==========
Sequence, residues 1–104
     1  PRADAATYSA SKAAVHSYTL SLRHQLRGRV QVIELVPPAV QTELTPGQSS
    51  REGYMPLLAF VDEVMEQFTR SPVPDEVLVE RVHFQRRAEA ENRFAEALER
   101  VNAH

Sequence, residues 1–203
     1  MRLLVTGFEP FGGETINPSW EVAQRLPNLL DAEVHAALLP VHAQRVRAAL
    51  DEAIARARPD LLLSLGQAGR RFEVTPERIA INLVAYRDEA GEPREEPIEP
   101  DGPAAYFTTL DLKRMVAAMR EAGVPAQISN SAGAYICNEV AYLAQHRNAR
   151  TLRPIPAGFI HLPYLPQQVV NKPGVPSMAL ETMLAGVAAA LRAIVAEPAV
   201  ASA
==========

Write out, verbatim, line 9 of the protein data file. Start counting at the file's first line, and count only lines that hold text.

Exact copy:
   151  TLRPIPAGFI HLPYLPQQVV NKPGVPSMAL ETMLAGVAAA LRAIVAEPAV